Certainly anyone can be an asshole regardless of gender, sex, ethnicity, level of ability, class, etc. And it is certain that these reactions happen in all kinds of conversations, even the most seemingly innocuous ones. In our intimate partnerships, a simple disagreement over folding laundry might bring up these feelings. Sometimes it is necessary to step back and care for ourselves. Developing discernment about when to engage, when to step back, is a process that begins by looking at ourselves.

“Where would I find enough leather
To cover the entire surface of the earth?
But with leather soles beneath my feet,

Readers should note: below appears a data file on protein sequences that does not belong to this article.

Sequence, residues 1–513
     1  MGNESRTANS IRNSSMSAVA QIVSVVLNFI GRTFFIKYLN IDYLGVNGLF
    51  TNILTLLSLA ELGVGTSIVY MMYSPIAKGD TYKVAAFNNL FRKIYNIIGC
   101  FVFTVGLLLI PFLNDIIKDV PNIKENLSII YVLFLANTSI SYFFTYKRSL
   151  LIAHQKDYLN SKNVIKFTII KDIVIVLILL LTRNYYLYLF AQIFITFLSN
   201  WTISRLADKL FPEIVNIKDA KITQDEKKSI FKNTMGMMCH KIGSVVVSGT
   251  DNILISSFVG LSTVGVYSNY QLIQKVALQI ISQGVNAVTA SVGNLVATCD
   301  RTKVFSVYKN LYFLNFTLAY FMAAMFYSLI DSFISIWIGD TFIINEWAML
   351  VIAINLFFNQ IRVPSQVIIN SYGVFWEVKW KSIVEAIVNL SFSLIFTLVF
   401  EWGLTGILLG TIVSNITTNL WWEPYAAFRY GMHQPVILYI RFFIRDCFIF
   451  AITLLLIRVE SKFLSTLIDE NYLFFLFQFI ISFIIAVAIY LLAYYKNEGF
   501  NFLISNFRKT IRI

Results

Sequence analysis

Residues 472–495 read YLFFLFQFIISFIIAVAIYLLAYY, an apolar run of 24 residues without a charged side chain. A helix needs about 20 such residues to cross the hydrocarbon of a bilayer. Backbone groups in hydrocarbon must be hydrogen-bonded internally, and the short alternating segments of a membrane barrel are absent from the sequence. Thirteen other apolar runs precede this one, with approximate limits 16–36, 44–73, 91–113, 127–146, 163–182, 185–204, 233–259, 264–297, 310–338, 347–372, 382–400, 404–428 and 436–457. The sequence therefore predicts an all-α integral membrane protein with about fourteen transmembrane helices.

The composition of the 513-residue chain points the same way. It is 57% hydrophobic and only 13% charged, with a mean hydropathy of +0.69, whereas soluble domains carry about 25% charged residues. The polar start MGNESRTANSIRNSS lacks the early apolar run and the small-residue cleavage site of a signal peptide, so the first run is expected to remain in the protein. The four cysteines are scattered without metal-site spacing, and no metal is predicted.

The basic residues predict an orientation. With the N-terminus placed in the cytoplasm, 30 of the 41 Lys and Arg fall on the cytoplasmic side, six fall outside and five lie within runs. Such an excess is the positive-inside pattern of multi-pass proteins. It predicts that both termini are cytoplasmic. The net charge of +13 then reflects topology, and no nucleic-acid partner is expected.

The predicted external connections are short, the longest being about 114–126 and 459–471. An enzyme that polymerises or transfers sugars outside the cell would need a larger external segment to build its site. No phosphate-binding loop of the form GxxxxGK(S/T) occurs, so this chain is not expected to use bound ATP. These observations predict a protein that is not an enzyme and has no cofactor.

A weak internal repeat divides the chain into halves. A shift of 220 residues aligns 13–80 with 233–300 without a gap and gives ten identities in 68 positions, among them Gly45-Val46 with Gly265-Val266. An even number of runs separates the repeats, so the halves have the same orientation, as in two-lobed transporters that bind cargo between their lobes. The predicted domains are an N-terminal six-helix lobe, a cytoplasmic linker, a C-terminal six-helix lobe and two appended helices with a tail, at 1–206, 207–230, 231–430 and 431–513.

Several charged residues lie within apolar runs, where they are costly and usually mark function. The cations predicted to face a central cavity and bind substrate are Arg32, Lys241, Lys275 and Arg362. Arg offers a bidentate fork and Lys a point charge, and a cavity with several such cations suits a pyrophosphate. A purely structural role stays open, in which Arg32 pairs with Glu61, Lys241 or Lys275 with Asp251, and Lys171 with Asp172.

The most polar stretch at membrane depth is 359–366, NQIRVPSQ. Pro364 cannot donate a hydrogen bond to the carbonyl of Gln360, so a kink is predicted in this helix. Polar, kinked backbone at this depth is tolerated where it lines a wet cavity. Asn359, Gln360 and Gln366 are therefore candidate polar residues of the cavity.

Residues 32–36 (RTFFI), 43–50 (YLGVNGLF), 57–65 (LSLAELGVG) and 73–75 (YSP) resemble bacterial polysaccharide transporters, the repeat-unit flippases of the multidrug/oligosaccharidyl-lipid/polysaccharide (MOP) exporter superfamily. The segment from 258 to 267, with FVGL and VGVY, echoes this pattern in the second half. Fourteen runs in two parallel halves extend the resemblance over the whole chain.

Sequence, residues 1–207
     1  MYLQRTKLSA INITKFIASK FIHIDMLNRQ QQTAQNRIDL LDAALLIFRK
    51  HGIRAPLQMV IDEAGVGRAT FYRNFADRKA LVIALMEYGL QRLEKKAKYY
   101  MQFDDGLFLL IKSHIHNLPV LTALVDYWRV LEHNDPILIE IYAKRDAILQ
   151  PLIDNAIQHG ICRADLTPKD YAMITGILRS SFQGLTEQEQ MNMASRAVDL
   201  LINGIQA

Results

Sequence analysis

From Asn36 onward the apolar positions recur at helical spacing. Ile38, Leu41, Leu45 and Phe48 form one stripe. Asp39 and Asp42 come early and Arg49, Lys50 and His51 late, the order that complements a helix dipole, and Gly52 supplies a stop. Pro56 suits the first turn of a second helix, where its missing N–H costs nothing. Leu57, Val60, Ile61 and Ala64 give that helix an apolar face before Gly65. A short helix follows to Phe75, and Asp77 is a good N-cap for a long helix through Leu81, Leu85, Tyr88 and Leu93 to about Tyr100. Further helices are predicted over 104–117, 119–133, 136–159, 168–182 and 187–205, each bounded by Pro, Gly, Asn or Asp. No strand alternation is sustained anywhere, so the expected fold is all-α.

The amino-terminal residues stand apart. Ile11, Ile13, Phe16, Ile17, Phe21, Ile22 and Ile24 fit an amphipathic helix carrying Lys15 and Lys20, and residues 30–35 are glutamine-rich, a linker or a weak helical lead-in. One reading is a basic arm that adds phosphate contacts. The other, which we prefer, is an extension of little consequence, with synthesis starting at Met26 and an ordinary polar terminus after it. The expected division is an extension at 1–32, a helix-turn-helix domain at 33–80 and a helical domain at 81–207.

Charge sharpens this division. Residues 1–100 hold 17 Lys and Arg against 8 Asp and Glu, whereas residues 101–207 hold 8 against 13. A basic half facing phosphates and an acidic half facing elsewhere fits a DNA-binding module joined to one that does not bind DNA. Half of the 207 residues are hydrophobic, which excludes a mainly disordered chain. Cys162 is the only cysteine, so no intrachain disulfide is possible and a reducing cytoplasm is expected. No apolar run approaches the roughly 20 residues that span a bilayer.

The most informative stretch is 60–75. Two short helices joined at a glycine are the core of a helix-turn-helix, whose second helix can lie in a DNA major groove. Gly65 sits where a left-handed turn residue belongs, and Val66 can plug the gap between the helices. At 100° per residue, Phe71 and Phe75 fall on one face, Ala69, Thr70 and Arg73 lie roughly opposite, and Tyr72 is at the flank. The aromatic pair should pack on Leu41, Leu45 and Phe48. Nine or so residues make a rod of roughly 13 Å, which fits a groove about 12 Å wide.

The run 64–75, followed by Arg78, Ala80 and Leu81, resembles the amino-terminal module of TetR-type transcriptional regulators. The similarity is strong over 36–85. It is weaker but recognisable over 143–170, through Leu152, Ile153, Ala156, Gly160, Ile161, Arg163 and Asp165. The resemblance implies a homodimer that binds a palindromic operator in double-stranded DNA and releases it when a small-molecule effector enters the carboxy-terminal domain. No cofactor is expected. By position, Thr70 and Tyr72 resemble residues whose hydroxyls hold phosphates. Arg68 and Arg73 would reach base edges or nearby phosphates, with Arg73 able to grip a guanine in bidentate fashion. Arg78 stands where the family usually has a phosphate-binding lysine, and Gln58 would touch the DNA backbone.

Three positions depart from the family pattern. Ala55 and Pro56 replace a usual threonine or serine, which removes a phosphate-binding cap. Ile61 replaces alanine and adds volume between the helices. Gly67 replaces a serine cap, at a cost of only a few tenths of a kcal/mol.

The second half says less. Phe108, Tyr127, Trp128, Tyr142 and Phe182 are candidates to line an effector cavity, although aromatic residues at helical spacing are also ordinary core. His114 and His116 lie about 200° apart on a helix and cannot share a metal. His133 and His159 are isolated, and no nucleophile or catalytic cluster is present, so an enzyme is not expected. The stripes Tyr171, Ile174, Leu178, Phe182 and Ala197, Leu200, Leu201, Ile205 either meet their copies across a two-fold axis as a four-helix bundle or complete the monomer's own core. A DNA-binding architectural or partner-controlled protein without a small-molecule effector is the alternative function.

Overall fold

It’s as if the whole world has been covered.”

― Śāntideva

One way I think of this is that two things happen from the inner and outer world. From the outer world we hear something like, “I’m pissed at you about what you said.” Or “You seem to listen to other men and belittle women.” Or “Black lives matter.” In the inner world, we “hear” more messages that come from our early wounding, like, “You’re terrible and hurt people you love.” Or “You’re worthless and don’t matter.” Though these are “you” statements, they come from within. They are actually “I” statements, my secret fears about myself. And they are all lies with just enough truth to be highly persuasive.

We could spend our lives trying to get people to stop saying things that bring up these painful inner experiences, which is akin to the solution of trying to cover the entire earth with leather. We could also begin to name, defuse from, and heal those inner wounds, which would be to cover our own feet with leather.